Could you go live with less than 600 lines of code?

37signals did when they released ta-da list back in 2005. You read that right, not 60K or 600K but instead a commercial project in <600 lines of Ruby code. When I first saw this number I was incredulous – I’ve written stored procedures that are longer than that. My current project has more lines of configuration (and maybe even more configuration files..OK, maybe not) than that number. I’ve even written console apps in notepad, and compiled from the command line with more lines than that, because I thought they were so small they didn’t need a whole .sln and .proj file, and yet here are 37signals going live with a product that is just 579 lines of Ruby.
They had a number of things in their favour, which presumably allowed them to do this:

  • They wrote the rails framework, and thus presumably knew how to get the most out of it. The equivalent in the .NET world would be Scott Guthrie and Nikhil Kothari getting together to write an ASP.NET task tracking application.
  • They situated their product squarely in terms of the solution technology domain. They didn’t need (or more likely chose not to use) any custom widgets. Spitting out simple HTML is not hard. Building large and complicated controls that have to maintain state between requests, render differently on different browsers and handle complex validation is.
  • This number is just the Ruby code, not the associated CSS, JS etc.

Even considering these caveats, I think this is still an amazing accomplishment, which takes minimalism in “production” code to a whole new level. This got me thinking – I have a few interesting product ideas from time-to-time. What is the absolute minimum amount of code I could write that would make that work? If I’m prepared to operate within the constraints of the platform (whatever that is) how much effort would that save me? How many more “interesting ideas” could I turn into working products if I was prepared to follow these constraints? How many more cool/useful things could you build if you promised yourself that each one would only be 600 lines of code?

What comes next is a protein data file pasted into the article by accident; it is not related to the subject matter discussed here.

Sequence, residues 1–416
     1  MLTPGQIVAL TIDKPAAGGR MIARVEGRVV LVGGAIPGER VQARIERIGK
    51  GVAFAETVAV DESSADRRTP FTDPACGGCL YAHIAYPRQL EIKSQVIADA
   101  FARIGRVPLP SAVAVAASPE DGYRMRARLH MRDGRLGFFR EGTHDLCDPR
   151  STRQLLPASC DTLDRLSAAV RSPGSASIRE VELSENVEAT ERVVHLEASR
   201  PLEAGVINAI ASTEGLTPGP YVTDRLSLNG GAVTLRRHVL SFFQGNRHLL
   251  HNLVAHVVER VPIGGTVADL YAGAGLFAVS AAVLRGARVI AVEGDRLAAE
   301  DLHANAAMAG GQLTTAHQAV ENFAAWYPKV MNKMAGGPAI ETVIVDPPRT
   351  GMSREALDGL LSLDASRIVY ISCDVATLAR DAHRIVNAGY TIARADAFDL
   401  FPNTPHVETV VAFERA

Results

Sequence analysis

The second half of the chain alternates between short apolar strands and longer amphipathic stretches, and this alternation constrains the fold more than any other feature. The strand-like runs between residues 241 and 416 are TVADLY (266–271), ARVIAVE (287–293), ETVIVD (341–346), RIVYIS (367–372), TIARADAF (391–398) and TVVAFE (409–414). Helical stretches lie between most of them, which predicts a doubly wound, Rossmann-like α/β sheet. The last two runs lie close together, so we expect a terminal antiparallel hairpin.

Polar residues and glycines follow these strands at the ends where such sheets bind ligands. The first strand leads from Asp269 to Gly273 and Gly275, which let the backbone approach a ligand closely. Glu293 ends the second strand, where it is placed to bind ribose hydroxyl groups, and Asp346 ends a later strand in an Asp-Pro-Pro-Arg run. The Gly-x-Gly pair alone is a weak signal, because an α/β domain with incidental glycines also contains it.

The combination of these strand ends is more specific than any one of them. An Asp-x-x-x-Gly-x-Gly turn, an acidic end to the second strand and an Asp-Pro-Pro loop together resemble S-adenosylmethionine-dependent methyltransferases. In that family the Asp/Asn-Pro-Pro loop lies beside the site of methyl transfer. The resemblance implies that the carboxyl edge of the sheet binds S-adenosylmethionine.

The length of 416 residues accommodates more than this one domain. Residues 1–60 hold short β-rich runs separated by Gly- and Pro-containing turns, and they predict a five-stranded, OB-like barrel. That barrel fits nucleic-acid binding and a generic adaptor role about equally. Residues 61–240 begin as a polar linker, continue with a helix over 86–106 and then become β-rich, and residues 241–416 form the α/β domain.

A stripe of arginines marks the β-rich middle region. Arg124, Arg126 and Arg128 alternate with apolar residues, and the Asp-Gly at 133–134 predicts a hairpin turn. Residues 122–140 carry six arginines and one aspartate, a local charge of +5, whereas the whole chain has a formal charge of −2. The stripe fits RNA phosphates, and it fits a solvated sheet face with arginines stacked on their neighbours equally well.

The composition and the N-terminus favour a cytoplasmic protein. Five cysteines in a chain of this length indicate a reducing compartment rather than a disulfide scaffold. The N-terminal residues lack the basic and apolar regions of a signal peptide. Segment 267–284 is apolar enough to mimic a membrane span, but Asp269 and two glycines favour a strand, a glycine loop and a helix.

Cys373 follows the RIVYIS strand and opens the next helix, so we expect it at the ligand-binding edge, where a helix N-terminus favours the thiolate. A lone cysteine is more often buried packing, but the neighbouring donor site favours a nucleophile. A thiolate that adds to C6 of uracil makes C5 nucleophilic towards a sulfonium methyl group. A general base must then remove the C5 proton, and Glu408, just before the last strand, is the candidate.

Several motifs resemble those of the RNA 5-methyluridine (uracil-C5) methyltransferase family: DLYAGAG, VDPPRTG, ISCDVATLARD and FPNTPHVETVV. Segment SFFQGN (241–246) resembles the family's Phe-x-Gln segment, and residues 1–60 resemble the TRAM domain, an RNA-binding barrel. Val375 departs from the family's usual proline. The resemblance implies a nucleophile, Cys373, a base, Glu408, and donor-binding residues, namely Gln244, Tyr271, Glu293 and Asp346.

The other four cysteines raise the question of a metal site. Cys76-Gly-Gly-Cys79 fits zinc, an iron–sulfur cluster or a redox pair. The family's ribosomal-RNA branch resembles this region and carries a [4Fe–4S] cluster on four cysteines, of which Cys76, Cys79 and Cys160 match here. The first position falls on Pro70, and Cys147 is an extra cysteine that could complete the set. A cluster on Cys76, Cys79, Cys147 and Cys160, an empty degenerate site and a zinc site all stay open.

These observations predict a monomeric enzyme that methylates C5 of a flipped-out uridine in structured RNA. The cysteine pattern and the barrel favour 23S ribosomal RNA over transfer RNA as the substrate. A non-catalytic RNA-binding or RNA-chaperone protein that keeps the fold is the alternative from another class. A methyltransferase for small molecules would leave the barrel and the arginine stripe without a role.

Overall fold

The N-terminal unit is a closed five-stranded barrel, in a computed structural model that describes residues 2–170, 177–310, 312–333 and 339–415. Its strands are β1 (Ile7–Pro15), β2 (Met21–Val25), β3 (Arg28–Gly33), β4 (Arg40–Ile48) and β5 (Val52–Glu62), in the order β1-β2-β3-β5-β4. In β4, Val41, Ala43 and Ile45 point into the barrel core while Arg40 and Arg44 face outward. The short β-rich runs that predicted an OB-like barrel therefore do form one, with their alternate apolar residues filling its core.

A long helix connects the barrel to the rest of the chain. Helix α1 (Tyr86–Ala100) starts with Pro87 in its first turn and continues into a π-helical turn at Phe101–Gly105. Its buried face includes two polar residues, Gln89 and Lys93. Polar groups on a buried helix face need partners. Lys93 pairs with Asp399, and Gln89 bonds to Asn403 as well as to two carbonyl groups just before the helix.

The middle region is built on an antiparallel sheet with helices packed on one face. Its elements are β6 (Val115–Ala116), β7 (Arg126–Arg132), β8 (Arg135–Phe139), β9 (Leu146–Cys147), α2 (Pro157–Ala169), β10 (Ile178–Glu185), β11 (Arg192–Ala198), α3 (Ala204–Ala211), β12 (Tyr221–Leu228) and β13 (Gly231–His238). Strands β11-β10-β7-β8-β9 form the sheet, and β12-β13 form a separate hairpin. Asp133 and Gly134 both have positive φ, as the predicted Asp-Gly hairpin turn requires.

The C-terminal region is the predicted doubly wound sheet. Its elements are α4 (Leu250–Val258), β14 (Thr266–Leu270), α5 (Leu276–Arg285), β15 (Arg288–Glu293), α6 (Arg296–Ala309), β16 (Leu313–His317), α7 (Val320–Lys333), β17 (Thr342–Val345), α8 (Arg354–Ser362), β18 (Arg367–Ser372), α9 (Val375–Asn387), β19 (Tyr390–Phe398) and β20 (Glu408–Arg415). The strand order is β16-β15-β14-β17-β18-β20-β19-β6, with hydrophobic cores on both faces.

Great idea!

i like to think that removing 20% of the features reduces the development time by 50%.

the other night i wrote a ‘production’ app (the world’s simplest code generator [javascript edition])[] in a few hours and published it next morning, because it was so deliverately feature-starved – maybe 20 lines of real code.

meanwhile the desktop version of this same product has been on my backburner for over two years now. it’s feature list is massive – and it will probably never get off the ground. Elephant, yes?

being proud to head for the simplest implementation possible is a real benefit.
16/08/2007 5:32:00 PM
I didn’t know that fact about 37signals, but Rails’ ease is why I’m trying it on my first commercial product, even with six years ASP.NET experience.

Thanks for this reminder of KISS - I think I had already designed in a kitchen sink!
24/08/2007 8:13:00 PM
Loup Vaillant
The earliest versions of Xmonad were less than 500 lines long. And it is a fully fledged window manager. As far as I am aware, the code base didn’t grow much since (at least for the core application).

As the name suggest, it is written in Haskell. Their hompage is here:
25/01/2008 5:27:00 AM
It would have been shorter and faster if they had used

even taking into account that you can cheat with rails, because ruby allows to put as much code as you want in one line.

25/01/2008 8:19:00 PM